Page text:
Supreme Court nixes deportation of US student accused of BDS support
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Court sees 'political opinions' behind cancellation of visa

Supreme Court nixes deportation of US student accused of BDS support

Lara Alqasem’s lawyers hail ruling rejecting state’s attempt to bar her entry to study; interior minister calls decision a ‘disgrace’; she starts at Hebrew U. next week

US student Lara Alqasem attends a hearing at the Supreme Court in Jerusalem on October 17, 2018. (Photo by Menahem KAHANA / AFP)
US student Lara Alqasem attends a hearing at the Supreme Court in Jerusalem on October 17, 2018. (Photo by Menahem KAHANA / AFP)

The Supreme Court on Thursday ruled that an American student accused of advocating boycotts of Israel can enter the country, putting an end to a weeks-long saga that drew scrutiny of an Israeli law allowing alleged anti-Israel activists to be barred from entry.

Lara Alqasem, 22, had been held at a facility at the airport for 15 days after arriving in Israel for a master’s program at the Hebrew University of Jerusalem. The state alleged that Alqasem, who headed the local chapter of the pro-boycott Students for Justice in Palestine group while she was a student at the University of Florida, currently supports the boycott, divestment, and sanctions (BDS) movement against Israel. It said she could fly back to the US at anytime, but detained her at the airport since she chose to battle the entry ban through the courts.

In court, Alqasem insisted that she has not participated in boycott activities for a year and a half, and promised not to engage in BDS in the future. State lawyers argued that Alqasem’s deletion of her social media aroused suspicion and that she remains a threat.

In accepting her appeal, the Supreme Court overturned a ruling by a lower court that upheld the ban on her entry under a 2017 law forbidding BDS activists from entering Israel.

Alqasem, whose father is Palestinian, was released shortly after the Supreme Court decision.

Justice Neal Hendel, one of three Supreme Court judges who heard the appeal, affirmed in the ruling that while the state has the authority to bar BDS activists from the country, the law was not applicable in Alqasem’s case.

Supreme Court Justice Neal Hendel at the Supreme Court in Jerusalem on April 23, 2018. (Yonatan Sindel/Flash90)

“In this case, preventing the entry of the plaintiff does not advance the purpose of the law and it was even argued, for example, by the Hebrew University that it harms Israeli academia,” Hendel wrote.

“The fight against boycotts is fitting and vital, as are the actions taken by the State of Israel on the matter. However, the concrete action before us clearly deviates from the range of reasonableness and cannot be accepted,” he added.

The Supreme Court accepted that Alqasem had stopped her pro-boycott activity in April 2017, that she had subsequently studied the Holocaust, and that Hebrew University had given her a place on a post-graduate course.

“Since the petitioner’s actions do not sufficiently warrant banning her entry to Israel, the unavoidable impression is that her political opinions were the reason behind the cancellation of the visa that was granted to her,” it ruled. “If that is indeed the case, we are talking about a radical and dangerous step.”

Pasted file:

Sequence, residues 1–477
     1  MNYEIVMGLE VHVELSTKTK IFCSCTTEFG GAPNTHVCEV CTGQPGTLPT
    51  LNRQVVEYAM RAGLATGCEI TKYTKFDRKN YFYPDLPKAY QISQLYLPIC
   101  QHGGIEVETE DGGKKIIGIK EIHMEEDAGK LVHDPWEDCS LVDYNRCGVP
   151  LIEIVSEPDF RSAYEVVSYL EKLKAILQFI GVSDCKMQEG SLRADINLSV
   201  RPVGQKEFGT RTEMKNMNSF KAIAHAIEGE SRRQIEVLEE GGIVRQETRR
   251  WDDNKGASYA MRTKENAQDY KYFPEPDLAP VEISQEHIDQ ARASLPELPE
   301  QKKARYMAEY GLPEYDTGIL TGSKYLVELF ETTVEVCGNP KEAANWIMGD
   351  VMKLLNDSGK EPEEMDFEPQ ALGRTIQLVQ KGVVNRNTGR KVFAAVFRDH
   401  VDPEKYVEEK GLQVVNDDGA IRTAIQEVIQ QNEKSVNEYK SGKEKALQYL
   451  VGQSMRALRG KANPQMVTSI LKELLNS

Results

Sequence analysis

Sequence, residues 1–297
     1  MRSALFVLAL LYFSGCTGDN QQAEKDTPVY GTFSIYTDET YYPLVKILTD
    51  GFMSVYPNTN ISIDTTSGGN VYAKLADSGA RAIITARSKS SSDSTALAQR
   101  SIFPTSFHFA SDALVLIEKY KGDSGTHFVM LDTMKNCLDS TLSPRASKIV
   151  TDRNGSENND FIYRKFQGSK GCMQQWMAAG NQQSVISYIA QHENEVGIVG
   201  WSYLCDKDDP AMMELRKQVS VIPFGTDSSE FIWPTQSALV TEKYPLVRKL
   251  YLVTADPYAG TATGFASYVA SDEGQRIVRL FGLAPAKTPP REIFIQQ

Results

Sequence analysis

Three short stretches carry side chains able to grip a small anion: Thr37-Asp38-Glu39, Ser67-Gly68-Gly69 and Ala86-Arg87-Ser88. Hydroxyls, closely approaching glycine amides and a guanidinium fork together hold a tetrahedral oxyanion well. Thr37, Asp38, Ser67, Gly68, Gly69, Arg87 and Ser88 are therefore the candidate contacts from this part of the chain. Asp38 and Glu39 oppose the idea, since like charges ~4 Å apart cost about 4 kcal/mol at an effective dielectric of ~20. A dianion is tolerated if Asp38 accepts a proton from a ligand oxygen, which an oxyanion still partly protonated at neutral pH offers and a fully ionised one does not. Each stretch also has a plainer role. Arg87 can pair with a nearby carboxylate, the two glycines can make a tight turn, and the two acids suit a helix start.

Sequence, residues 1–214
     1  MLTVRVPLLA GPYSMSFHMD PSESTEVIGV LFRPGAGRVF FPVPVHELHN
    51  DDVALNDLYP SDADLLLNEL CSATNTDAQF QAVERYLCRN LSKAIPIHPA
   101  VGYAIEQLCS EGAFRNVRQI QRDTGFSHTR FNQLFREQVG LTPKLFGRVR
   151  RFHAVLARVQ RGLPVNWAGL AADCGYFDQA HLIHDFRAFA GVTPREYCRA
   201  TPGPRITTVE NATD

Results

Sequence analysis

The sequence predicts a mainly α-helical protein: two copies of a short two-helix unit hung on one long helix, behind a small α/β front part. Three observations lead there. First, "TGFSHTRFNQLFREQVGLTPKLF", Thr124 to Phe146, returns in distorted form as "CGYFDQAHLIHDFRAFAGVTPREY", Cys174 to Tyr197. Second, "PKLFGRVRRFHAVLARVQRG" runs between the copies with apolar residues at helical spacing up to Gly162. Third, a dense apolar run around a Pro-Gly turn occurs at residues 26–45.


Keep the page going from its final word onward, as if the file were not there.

One of the judges warned, however, that if Alqasem “returns to her old ways” and promoted a boycott while in Israel, she could face expulsion.

Alqasem’s lawyers praised the Supreme Court ruling and her “principled and brave stand” against the ban on her entry, calling it a “gross misapplication” of the anti-BDS law.

“The Supreme Court’s decision is a victory for free speech, academic freedom, and the rule of law. Israel has the right to control its borders, but that right does not give the Interior Ministry unchecked power to turn away anyone it deems unwanted,” attorneys Yotam Ben Hillel and Leora Bechor said in a statement.

“Lara has ensured that no one else should be denied the right to enter Israel based on sloppy Google searches and dossiers by shadowy smear groups,” they added, referring to the sources of the state’s argument that Alqasem supports the BDS movement.

“Lara’s case proves that thought-policing has no place in a democracy.”

Hebrew University, which joined Alqasem’s appeal, also welcomed the court’s decision.

“The Hebrew University of Jerusalem looks forward to welcoming our newest student, Lara Alqasem, as she begins her MA in Human Rights & Transitional Justice at our law school next week,” it said in a statement.

View of the Hebrew University on Mount Scopus seen from Jerusalem’s Old City, on June 10, 2015. (Hadas Parush/Flash90)

The Supreme Court ruling also was also welcomed by left-wing lawmakers and organizations, while right-wing politicians assailed it.

Interior Minister Aryeh Deri, whose ministry is tasked with enforcing the law, called the ruling a “disgrace.”

“Where is our national dignity? In the US would she also dare to act against the state and demand to remain and study there? I’ll examine ways to prevent the recurrence of a case like this,” he wrote on Twitter.

Thursday’s ruling was a blow to Strategic Affairs Gilad Erdan, whose ministry oversees anti-BDS efforts. He had rejected a promise from Alqasem not to take part in boycott activities while in Israel as insufficient and was the most vocal opponent of allowing her to enter the country.

AP contributed to this report.

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